Judge Lucy Koh handed Apple an injunction against Samsung selling their Galaxy Tab 10.1 in the US in the latest round of legal warfare between the two companies. Her decision comes after her previous denial of Apple’s request as well as a federal appeals court ruling for her to reconsider the request.
Apple typically score high in brand loyalty and product satisfaction. As a result, it doesn’t come as a huge surprise to hear that the new iPad and iPad 2 are leading tablet satisfaction surveys. Nor is it surprising that the iPads aren’t just scoring better than other tablets, they’re kicking some Android butt.
According to the latest numbers from Changewave, 81% of new iPad owners are very satisfied with their devices and while an additional 15% are somewhat satisfied. That means 96% of users can be called happy with the new iPad.
The iPad continued to dominate the tablet space through the first quarter of 2012. That’s the news from ABI Research, which publishes a quarterly report known as the Media Tablet Market Share Tracker. Although most companies with products in the tablet space did see year-on-year growth, none was able to come close to wresting the number one spot away from Apple. Apple’s commanding lead translated to 10 times the number of shipments by Samsung, which returned to being the second biggest player in the tablet space.
Lead by the iPad, tablets, and other non-phone devices accounted for 20% of mobile ads during the first quarter of 2012. That number is up 5% from the first quarter of last year. The increase reflects a change in the mix of mobile devices that people use to consume content and may have implications for the entire ad industry – mobile and otherwise.
How important are iPads and other tablets to mobile carriers worldwide compared to mobile broadband devices? According to a new study, they’re becoming a critical part of the mobile business. That’s pretty impressive when you consider that before the iPad’s launch two years ago, tablets were a rarity in mobile carrier stores. Today, thanks largely to the iPad, tablets make up 40% of mobile broadband offerings.
Apple and Samsung have been duking it out in court for quite sometime now, with Apple claiming that the Korean electronics giant has been “slavishly” copying its iOS products to use in Galaxy line of smartphones and tablets. In its case against Samsung’s Galaxy Tab, Apple has leaned heavily on two specific patents for its defense, both having to do with the exterior of the iPad.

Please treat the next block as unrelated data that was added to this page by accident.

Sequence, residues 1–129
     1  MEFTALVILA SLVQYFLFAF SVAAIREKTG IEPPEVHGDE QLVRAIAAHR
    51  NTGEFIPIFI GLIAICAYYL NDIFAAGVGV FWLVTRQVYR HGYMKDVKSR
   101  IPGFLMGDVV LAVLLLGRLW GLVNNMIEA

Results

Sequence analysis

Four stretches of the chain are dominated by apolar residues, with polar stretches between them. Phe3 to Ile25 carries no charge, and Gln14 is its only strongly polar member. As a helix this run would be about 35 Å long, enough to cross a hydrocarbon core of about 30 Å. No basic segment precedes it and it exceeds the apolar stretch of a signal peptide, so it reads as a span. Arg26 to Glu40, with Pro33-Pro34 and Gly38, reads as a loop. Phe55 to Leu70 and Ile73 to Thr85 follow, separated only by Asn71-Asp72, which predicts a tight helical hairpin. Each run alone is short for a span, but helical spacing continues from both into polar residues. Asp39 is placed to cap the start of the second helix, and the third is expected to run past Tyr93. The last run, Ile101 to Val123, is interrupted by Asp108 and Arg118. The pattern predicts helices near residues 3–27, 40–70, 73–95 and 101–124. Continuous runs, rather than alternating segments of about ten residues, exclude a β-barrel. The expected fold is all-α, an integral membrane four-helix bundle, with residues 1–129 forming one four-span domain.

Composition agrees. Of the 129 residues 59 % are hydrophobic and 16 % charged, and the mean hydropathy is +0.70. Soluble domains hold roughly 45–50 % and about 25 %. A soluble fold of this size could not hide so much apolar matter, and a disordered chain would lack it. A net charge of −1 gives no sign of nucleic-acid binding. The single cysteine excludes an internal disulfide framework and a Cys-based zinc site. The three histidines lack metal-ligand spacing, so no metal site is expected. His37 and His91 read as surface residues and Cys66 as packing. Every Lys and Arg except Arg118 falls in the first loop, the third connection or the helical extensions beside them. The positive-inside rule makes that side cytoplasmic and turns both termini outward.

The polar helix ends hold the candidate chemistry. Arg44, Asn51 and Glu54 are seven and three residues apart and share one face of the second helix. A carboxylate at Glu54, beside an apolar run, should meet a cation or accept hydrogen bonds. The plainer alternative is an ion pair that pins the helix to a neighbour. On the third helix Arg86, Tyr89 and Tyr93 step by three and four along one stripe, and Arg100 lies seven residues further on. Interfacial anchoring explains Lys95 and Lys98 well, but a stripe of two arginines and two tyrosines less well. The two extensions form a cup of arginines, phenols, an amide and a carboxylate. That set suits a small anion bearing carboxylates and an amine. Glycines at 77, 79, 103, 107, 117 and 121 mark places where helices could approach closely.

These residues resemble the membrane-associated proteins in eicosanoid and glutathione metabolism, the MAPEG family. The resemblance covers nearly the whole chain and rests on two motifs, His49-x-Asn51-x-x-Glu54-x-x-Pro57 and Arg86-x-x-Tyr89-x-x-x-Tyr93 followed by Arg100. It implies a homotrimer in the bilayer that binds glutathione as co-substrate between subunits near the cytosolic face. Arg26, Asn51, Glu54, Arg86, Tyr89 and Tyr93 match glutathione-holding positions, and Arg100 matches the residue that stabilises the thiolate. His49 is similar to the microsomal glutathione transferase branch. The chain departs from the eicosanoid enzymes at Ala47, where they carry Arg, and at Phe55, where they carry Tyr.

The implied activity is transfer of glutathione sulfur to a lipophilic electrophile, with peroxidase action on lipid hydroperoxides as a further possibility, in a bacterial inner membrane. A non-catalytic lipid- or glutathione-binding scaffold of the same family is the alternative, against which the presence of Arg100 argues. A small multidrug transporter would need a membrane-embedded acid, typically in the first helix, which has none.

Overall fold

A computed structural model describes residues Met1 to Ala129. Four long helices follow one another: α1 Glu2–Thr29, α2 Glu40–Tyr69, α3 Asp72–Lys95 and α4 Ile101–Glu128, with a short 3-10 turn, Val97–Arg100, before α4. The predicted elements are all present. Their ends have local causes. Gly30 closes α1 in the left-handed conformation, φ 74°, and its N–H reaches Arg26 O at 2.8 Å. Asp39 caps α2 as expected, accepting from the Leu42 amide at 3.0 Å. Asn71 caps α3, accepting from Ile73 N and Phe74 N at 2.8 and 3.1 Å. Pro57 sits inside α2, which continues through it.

As if to point out the absurdity of Apple patenting the exterior of a tablet, Judge Koh, presiding over the case, notably held up both the Galaxy Tab and iPad side-by-side and asked those in the court to tell which was which from a distance. It took lawyers on both sides of the aisles a few seconds to answer the question correctly.
The judge’s point seems simple. Sure, the Galaxy Tab may look like the iPad, but Apple can’t patent that appearance… and to prove her point, she made note that in 1994, a television network portrayed the look of a tablet much before the iPad or Galaxy Tab came on the scene. If true, this could seriously destroy Apple’s case.
Apple and Samsung have battled in court over the design of a number of Samsung’s Galaxy products, which Apple believes were “slavishly” copied from the iPhone and iPad. However, the Korean company’s chief of mobile design maintains that the Galaxy is “original from the beginning,” and believes that one day, he will match Jony Ive by designing a truly iconic product.
We all love our tech, and manufacturers spend millions of dollars making sure we get excited about it through commercial spots. Unfortunately, they don’t always hire the best voice-overs to dub these commercials, and we’re about to see what happens when Samsung goes out on a limb to hire a sailor for their latest Samsung’s “It’s Time To Tab” commerical. Be warned, this is not safe for work, or anywhere else that crude sailor mouthed language is prohibited.
Laaaaaaaaaaadies and Gentlemen, welcome to Friday Night Fights, a new series of weekly deathmatches between two no-mercy brawlers who will fight to the death — or at least agree to disagree — about which is better: Apple or Google, iOS or Android?
This week’s topic is one personal to both iOS and Android fans alike: is Samsung really copying Apple’s designs for its Galaxy series of Android smartphones and tablets? Samsung and Apple are brawling it out on pretty much every continent on Earth trying to get to the bottom of this issue, so it’s only fitting that we try to settle this one in the ring too.
Place your bets, gentlemen! This is going be a bloody one.
The courtroom battles between Apple and Samsung seem never-ending. The latest chapter: Apple now claims its South Korean patent pal is copying not just smartphones and tablets, but also their cases. During an Australian court hearing, Samsung’s lawyer said Apple believes the cases infringe 10 patents.